Exhaustion may be the biggest tip-off. You’ve been up three nights in a row, yet you’re holding down the fort, your job and your parent’s evolving care needs. This is how it’s been since your mother or father was diagnosed with Alzheimer’s disease, and you wouldn’t want it any other way. But chinks in your armor are starting to show, and once in a while, you entertain the thought of getting some help. Maybe someone could play checkers with Dad twice a week while you do the grocery shopping. Wouldn’t it be nice to have someone else do the laundry and dishes?
You may not be sure that your parent (or you) need in-home caregiving help. It could be that something else stops you. “A lot of times it’s about feeling like, this is my job and I should be able to handle it,” Ruth Drew, director of Information and Support Services at the Alzheimer’s Association, told Guideposts.org. “Maybe there’s a little bit of denial about what an enormous job it is—that if I’m not doing it all myself, I’m failing as a caregiver.” But asking for help is a sign of strength, Drew said, because it can allow you to keep providing your parent with the very best care over the long haul.
If you’re wondering whether this is the right time for in-home care, Drew offered the following indicators:
You can no longer handle the physical caregiving.
“I know of one woman who was caring for her father and he was a great big 6-foot-tall guy,” Drew said. “She was this petite thing—maybe 5’3”. It got to the point where she could not support him well enough to bathe him.” An in-home care aide now handles the bathing twice a week.
You can’t keep up with medications.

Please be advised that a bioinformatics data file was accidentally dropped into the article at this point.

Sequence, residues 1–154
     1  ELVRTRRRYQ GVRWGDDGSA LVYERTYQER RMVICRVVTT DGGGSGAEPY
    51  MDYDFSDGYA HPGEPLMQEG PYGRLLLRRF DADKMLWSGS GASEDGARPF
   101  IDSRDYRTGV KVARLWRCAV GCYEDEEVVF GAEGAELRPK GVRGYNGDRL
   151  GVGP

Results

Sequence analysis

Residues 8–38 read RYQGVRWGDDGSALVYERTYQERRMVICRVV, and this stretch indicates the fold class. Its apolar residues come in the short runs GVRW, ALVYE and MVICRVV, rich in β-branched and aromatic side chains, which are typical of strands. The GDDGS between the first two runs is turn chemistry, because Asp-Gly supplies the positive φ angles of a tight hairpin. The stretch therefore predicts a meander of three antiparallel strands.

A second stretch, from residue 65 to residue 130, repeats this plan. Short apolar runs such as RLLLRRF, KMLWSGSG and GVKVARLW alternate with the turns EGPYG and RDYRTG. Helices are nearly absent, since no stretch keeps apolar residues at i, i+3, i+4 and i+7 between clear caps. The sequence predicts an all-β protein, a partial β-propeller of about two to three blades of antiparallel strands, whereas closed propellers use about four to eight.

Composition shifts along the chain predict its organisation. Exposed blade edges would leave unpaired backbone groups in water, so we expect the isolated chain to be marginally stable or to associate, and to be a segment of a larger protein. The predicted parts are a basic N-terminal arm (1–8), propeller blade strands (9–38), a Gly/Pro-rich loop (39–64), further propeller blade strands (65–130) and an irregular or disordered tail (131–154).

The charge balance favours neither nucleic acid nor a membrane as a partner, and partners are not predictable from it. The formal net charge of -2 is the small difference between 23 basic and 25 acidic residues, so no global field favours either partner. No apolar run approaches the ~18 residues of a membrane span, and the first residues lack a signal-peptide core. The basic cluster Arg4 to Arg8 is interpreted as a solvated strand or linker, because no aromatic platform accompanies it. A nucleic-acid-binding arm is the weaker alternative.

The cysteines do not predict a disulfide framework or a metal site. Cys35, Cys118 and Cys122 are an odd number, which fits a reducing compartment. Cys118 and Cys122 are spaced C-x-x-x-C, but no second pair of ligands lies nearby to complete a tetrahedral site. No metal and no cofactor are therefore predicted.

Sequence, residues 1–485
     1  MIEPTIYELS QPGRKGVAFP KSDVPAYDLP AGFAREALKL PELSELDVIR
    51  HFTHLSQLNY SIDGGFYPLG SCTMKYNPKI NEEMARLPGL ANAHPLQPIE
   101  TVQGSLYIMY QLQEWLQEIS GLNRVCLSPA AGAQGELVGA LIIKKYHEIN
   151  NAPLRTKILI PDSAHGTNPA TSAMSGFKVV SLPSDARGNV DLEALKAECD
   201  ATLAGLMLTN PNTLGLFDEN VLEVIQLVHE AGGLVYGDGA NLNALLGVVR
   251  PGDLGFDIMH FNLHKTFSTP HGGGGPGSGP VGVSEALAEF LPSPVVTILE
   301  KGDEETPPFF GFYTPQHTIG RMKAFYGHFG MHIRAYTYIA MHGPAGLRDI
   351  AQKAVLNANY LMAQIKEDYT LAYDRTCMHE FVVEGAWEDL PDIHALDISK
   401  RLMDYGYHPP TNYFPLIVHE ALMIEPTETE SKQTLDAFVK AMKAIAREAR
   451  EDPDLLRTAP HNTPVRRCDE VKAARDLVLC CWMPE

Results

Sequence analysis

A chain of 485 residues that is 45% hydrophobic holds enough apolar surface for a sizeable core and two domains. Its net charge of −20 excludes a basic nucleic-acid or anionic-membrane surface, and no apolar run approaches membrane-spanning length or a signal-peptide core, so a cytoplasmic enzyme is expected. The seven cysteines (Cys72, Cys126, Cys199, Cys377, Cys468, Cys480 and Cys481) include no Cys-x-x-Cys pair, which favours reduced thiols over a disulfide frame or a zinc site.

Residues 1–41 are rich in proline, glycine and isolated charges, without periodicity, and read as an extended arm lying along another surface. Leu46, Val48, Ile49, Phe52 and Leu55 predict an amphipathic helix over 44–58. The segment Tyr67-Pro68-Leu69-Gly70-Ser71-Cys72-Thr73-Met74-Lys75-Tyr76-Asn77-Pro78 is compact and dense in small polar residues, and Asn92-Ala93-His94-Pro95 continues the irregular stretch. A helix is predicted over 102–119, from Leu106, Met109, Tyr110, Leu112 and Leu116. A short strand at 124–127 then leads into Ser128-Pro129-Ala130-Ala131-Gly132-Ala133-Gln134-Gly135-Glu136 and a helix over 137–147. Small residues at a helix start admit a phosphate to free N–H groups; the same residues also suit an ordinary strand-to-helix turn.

Organizing and dispensing medications can be complicated when you’re stressed. It’s possible an older caregiver may even have some mild cognitive impairment. An in-home care aide can who can set up medications in organized pill containers on a weekly basis can be a lifesaver.
You’re too tired.
When your loved one is up all night, so are you. “Sleep deprivation can take any one of us down pretty quickly,” said Drew. An in-home caregiver could take the night shift or simply give you a break during the day for appointments or to get some rest.
You’re showing signs of stress.
Signs of caregiver stress include insomnia, withdrawal from people and things you used to enjoy, and losing your temper or crying more often than usual. Caring for a loved one with dementia can eventually become a round-the-clock job, as the disease progresses. “Nobody can work 24/7. I mean nobody,” Drew said.
Your loved one needs skilled care.
Levels of in-home care range from companion and homemaker services to personal care and skilled care. If your loved one needs assistance with things like wound care, injections or physical therapy, a licensed health professional will need to provide these services. By hiring a skilled care aide to come to your home, you can continue to keep Mom or Dad close by.
In-home care can give you peace of mind while you provide the personal touches that have made your caregiving journey unique and special.
The Alzheimer’s Association offers these additional resources:
Caregiver health: https://alz.org/help-support/caregiving/caregiver-health
Care options: https://alz.org/help-support/caregiving/care-options
In-home care: https://alz.org/help-support/caregiving/care-options/in-home-care